The Carnival of Artigas has a strong influence from Brazil / Photo by Carina Fossati

PARTY ON THE COAST

There is no organisation behind it, but Carnaval de la Pedrera is a phenomenon that is self-generated by the fame of previous years and social media buzz – it is a favourite for young people who want to party until after sunrise and those who don’t fancy taking in parades. Instead, groups of friends dress up themselves, wear spontaneous disguises, and go out into the main street to revel the days and nights away.

Such is the reputation of this fiesta that a couple of years ago, the mayor of the region took to the radio to ask for people to stop coming, such was the overcrowded state of the city. In recent times however, authorities have increased security operations and improved cleaning, public restrooms, and other details to ensure the good atmosphere remains.

TO TAKE INTO ACCOUNT

This year, the days of Carnival are Saturday 25th, Sunday 26th, Monday 27th, and Tuesday 28th, February. The carnival’s inaugural parade however, down Avenida 18 de Julio, was on January 19th.

If you want to enjoy the carnivals on the border, it is very important to book accommodation in advance, since February is the time when these places receive the most visitors and the hotel industry is often overwhelmed. On the Atlantic Coast, hotels tend to fill up quickly and raise the price of rooms between the Saturday and Tuesday of Carnival.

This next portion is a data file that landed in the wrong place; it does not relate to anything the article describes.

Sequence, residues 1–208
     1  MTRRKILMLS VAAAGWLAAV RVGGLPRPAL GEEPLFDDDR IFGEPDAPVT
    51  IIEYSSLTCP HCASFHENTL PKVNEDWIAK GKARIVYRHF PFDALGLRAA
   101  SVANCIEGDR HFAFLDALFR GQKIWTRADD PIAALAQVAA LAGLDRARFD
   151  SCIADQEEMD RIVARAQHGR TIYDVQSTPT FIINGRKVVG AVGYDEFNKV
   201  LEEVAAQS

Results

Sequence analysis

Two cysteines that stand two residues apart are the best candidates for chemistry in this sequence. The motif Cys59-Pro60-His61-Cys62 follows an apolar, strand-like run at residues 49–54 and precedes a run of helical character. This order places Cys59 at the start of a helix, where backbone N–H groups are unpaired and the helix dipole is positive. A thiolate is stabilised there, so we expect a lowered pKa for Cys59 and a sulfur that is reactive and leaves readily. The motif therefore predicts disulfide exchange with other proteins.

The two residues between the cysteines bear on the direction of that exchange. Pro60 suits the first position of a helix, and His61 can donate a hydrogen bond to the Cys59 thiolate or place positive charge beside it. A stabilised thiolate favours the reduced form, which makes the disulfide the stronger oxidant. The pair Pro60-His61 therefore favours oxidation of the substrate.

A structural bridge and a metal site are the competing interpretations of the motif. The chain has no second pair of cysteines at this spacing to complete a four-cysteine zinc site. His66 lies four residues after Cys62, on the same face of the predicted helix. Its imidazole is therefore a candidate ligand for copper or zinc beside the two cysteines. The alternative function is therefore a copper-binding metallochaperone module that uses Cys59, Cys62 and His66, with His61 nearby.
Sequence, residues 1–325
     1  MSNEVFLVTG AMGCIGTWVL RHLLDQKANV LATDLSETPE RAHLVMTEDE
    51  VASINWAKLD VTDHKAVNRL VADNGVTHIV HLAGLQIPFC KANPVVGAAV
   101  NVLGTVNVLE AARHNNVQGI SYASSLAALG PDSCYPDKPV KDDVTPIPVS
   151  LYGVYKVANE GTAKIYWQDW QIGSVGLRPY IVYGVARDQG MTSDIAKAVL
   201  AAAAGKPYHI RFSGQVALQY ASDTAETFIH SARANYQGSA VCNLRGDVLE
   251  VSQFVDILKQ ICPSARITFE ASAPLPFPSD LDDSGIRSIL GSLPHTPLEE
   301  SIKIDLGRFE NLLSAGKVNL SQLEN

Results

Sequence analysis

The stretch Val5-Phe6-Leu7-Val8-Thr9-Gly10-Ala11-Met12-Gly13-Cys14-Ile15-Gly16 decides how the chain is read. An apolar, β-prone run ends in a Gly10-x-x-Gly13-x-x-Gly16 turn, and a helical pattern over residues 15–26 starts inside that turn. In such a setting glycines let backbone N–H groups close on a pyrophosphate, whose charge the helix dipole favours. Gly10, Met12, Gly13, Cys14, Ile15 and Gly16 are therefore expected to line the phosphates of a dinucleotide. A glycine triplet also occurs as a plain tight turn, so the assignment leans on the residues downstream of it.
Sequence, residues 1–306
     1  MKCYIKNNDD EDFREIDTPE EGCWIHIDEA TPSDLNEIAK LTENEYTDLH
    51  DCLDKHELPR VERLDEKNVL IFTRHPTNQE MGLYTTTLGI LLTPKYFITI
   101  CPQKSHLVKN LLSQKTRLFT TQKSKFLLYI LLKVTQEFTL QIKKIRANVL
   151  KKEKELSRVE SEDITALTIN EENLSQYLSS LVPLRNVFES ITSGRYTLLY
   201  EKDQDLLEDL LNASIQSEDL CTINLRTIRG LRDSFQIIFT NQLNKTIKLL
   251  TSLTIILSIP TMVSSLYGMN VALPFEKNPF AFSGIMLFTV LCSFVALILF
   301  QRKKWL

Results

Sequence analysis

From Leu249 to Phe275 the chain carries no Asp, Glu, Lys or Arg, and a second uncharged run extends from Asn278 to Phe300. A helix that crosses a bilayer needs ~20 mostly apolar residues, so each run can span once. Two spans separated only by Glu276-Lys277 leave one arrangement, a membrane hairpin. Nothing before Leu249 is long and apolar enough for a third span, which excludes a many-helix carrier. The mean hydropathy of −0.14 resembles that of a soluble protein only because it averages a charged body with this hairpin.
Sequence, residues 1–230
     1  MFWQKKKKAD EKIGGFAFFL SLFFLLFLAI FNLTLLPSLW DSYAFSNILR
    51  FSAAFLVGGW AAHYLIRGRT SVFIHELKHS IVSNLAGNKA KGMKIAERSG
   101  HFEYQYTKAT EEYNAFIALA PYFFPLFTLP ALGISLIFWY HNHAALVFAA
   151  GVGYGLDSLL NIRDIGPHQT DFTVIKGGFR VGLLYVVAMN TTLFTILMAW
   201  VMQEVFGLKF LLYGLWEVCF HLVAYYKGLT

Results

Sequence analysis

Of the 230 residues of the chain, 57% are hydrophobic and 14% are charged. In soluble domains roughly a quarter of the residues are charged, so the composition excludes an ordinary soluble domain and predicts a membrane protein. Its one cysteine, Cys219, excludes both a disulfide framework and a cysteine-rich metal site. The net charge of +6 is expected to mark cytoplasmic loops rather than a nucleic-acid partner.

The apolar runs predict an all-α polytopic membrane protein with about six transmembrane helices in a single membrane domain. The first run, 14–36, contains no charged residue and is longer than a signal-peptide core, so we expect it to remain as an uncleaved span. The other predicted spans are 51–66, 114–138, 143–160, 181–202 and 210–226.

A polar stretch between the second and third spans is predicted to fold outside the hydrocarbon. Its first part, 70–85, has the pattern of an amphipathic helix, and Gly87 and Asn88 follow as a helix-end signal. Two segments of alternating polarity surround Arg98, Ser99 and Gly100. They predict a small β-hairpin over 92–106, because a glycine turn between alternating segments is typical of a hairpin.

With the exception of the carnival in La Pedrera, all festivities and parades in the country that take place on public streets are usually fenced off and have varying access depending on the price of your ticket. The Tablados and Teatro Verano likewise have different ticket prices according to the day and the performances on show.

Throughout the last few years, groups of murgas and other artistic styles have been growing in the interior of the country. For this reason, many departmental governments have managed to attract performers from the capital, and so today it is possible to enjoy some of these shows outside of Montevideo during carnival.

10 years ago, a Carnival Museum opened at Rambla 25 de Agosto de 1825 (Ciudad Vieja (Old Town), telephone +598 2915 0807, open from 11am to 5pm), displaying costumes, scenery, and many other historical artifacts. The museum is also a next door to Mercado del Puerto, an old building where several ‘parrilladas’ (barbeque restaurants) offer their spaces as a meeting place for travellers and locals who fancy sampling some Uruguayan delicacies.

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Do not miss the various manifestations of Uruguay Carnival, and, if you’re looking for other things to do during these dates or indeed at any time of the year, be sure to contact us at Uruguay4u. We offer the best tours and activities in Montevideo, Punta del Este, Colonia, and more.

By: Carina Fossati, journalist and author of the blog Hills to Heels